“Open Access Antiquarianism is the collective madcap efforts of an archaeologist, a computer scientist, and a structural engineer to push the boundaries of what is possible in the interface between technology and cultural heritage, art and diagnostics.
Excerpts from Stephen Wilson’s Information Arts: Intersections of Art, Science, and Technology that aptly illustrate why Open Access Antiquarianism is seeking to blend our study of technology and archaeology with art:
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Since 1993 we’ve been experimenting with a strategy for convening this kind of large-‐system conversation and we are excited at how well our approach is working, and the prospect for how it can work at the national and global levels. Our approach is different than the one described in the Project paper, however. And it’s different from “Deliberative Democracy” approaches in general because it aims for a creative conversation, rather than one that is deliberative. This requires a different set of facilitation skills and understandings about group process.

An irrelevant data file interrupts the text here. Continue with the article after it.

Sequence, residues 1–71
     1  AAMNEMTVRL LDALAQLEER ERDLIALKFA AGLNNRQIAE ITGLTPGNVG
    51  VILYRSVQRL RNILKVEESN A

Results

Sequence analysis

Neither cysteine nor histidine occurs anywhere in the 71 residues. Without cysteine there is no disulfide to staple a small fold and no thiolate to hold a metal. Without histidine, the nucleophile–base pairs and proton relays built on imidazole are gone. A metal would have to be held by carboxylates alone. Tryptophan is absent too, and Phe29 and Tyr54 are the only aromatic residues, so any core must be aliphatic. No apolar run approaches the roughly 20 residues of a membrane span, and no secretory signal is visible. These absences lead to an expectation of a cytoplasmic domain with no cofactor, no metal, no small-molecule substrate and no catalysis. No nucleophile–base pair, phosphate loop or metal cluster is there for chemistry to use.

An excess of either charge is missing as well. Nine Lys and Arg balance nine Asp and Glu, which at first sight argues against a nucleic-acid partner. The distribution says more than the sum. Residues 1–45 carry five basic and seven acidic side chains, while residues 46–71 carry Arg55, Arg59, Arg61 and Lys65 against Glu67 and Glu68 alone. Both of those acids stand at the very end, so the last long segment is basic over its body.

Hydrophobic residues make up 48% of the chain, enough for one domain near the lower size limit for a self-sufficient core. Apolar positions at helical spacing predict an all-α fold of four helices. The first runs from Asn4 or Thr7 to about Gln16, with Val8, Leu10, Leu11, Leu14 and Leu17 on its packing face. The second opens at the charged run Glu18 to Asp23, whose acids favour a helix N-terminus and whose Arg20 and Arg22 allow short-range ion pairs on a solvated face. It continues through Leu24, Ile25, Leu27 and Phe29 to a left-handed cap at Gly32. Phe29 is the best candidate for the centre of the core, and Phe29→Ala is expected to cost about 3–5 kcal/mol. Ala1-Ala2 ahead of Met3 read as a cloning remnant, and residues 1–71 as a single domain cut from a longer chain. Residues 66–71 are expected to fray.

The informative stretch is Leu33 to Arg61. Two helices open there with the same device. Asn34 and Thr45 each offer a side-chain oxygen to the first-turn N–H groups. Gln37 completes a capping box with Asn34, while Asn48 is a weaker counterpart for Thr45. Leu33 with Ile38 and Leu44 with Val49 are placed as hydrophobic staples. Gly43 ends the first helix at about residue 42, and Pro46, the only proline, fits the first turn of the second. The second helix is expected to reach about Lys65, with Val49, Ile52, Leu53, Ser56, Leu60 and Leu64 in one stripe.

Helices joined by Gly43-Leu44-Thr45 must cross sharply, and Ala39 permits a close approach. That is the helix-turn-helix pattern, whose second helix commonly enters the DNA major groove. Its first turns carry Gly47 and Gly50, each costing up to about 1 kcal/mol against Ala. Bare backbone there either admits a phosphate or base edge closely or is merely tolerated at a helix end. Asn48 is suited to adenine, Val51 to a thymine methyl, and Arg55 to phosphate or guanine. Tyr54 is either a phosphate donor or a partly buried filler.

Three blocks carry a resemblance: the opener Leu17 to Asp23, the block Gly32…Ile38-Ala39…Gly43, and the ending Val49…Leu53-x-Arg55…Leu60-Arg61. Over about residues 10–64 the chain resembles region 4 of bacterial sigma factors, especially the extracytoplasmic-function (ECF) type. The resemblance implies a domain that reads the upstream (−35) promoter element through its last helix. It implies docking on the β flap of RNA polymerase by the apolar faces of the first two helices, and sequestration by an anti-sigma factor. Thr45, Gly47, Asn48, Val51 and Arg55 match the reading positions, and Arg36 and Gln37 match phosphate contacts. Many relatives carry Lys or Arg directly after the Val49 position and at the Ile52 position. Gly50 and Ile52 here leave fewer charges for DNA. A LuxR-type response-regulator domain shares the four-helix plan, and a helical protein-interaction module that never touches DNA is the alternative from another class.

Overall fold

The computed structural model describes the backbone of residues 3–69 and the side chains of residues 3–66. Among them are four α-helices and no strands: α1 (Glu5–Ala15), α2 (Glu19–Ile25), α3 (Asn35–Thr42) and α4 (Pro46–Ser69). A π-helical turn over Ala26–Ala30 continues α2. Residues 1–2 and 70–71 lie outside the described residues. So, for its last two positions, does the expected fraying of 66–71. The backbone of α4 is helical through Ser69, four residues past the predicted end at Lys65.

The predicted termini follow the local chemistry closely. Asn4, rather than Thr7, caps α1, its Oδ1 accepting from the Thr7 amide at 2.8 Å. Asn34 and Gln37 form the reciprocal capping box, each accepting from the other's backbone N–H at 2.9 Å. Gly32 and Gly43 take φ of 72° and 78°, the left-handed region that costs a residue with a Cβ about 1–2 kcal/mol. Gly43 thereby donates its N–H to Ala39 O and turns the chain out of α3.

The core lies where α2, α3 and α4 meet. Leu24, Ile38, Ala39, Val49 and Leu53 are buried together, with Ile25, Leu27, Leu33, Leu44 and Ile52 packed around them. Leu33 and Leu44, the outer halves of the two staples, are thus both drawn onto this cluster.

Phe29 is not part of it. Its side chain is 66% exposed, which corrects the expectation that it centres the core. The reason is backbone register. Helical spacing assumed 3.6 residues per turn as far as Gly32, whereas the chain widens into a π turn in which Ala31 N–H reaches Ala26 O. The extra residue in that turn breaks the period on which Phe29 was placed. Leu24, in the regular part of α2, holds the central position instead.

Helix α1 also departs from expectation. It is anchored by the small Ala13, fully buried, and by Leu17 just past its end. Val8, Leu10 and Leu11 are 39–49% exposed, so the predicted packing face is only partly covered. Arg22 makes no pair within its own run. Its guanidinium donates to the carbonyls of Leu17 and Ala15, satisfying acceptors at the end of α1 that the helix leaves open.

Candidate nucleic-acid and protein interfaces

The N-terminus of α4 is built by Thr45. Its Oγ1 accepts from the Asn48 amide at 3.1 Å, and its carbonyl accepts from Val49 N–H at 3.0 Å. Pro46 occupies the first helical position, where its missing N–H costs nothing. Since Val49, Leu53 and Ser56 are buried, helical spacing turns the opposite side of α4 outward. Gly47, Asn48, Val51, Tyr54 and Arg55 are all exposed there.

PDF (7 Pages): To Facilitate a National Conversation
Nathan Schneider is one of the best chroniclers of the emergence of the new solutions. This piece places places a lot of innovations into context, connecting various movements and ideologies together to give the reader a picture of what’s next.
Owning is the New Sharing
“We’re moving into a new economic age,” says Marjorie Kelly, who spent two decades at the helm of Business Ethics magazine and now advises social entrepreneurs. “It needs to be sustainable. It needs to be inclusive. And the foundation of what defines an economic age is its form of ownership.” … There are many ways to own. Simply giving up on ownership, however, will mean that those who actually do own the tools that we rely on to share will control them. People who want an economy of genuine sharing are coming to recognize that they must embrace ownership — and, as they do, they’re changing what owning means altogether.
OK. Day Two of the Compassion Games: Survival of the Kindest is happening and we have crossed into new territory.
Here is a beautiful example of how a community — Nashville — can embrace the Compassion Games to raise the spirit and commitment to compassion in action. Check out the TV coverage, the theme song and how they are embracing putting compassion into action. This is a dream we share coming true. There are over 175 teams participating in this years games!
This challenges the Compassion Games in new ways — be in appreciation and amplification of what these communities are doing…. people like Dina Capitani are the Compassion All-Stars that we serve…. please give this some thought…. building a platform like this opens up tremendous possibilities for collective impact. What do you think about this? Are you are working on Mission Two as a Secret Agent
? Game on!
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